4 Ways to Stop Drinking in the New Year

4 Ways to Stop Drinking in the New Year

4 Ways to Stop Drinking in the New Year

One of the most familiar (and quickly abandoned) New Year’s resolutions is the decision to drink less or quit drinking altogether. Every year, thousands of people say to themselves, “This is it. I’m finally getting this under control! I’m going to stop drinking in the New Year!”

 

If that sounds familiar, you’re not alone. In fact, about 10% of men and 5% of women have an alcohol use disorder, such as alcoholism or heavy drinking.

 

If you are determined this year to take control and quit drinking, here are a few tips to make your effort successful:

1. Go to Alcoholics Anonymous

Community support groups like Alcoholics Anonymous are a great place to meet people who want to quit drinking and take control of their lives. This inexpensive option can help bring some accountability to your plans to quit drinking or drink less.

 

2. Go to counseling

Counseling with a licensed psychologist can help you examine any emotional issues that may be making you drink more. Some psychologists have indicated that we never get over emotional problems from our childhood, which can cause us to drink or take drugs. By talking through those issues you can essentially retrain yourself to feel better, which will help you drink less.

 

3. Spend more time with the right people (like your family)

Many of us have that friend who seems to make us drink more than we normally would. Maybe it’s not just one friend, maybe it’s your whole group of friends. What would happen if you spent less time with them and more quality time with your kids? What about spending some more time with your grandmother or a favorite uncle? Finding positive social circles that encourage good, clean fun is one very effective way to keep yourself from drinking.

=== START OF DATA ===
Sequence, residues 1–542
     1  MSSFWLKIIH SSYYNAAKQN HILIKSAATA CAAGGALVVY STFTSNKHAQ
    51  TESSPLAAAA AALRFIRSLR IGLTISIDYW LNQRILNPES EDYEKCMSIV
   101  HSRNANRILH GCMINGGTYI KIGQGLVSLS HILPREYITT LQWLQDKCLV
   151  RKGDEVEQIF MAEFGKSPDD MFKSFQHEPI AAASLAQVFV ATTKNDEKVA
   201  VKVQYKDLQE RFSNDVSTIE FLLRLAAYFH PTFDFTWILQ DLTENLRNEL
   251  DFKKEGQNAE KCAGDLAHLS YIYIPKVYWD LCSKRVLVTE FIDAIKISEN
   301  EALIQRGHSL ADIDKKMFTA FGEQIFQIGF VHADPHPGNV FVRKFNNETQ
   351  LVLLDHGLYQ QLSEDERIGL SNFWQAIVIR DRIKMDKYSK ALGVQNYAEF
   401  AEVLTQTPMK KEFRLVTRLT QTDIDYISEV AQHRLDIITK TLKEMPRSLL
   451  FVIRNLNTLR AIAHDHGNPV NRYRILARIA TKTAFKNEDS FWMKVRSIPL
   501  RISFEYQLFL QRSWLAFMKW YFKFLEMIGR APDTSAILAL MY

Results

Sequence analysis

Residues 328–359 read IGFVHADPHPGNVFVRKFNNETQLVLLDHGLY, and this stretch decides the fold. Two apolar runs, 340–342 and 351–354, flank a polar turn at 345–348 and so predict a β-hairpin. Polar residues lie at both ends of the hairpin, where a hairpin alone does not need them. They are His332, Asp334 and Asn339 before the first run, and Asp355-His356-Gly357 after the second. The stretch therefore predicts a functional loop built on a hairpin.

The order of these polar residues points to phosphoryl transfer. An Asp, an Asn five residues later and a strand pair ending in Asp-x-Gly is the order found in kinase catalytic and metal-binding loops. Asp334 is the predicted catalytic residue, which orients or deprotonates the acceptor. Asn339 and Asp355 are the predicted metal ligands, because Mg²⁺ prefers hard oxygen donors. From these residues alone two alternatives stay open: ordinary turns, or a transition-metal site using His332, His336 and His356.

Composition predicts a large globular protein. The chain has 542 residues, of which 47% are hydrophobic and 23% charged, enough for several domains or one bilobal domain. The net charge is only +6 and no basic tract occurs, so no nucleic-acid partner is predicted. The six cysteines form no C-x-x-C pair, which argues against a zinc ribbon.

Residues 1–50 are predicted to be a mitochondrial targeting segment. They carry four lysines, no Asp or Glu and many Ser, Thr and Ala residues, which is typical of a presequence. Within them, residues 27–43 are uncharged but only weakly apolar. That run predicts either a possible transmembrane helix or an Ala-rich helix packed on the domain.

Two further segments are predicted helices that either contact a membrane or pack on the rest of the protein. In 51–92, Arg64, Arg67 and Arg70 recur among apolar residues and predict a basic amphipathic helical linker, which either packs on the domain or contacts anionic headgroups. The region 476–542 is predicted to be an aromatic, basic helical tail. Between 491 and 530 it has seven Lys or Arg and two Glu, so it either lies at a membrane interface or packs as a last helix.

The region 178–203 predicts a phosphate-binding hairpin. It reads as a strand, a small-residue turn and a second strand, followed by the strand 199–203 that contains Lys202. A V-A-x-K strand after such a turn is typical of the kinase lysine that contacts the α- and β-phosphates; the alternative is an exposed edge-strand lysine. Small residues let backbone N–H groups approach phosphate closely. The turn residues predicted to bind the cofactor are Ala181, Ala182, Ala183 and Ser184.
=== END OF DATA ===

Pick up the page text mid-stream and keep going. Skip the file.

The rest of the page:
4. Find a new way to relieve stress and anxiety

Some people have stressful jobs or a marriage that may be going through a rough patch. Often, the only way they deal with the situation is to drink too much. That buzz may be relaxing… but it’s slowly poisoning your body! Instead, why not try something that’s actually good for you? Exercise helps to relieve tension and makes you sleep better. If you’re a creative person, you might try woodworking, painting, or baking. Anything you can occupy your mind with will replace the time you would normally spend drinking.

Alyssa
Alyssa
Alyssa is Banyan’s Director of Digital Marketing & Technology. After overcoming her own struggles with addiction, she began working in the treatment field in 2012. She graduated from Palm Beach State College in 2016 with additional education in Salesforce University programs. A part of the Banyan team since 2016, Alyssa brings over 5 years of experience in the addiction treatment field.

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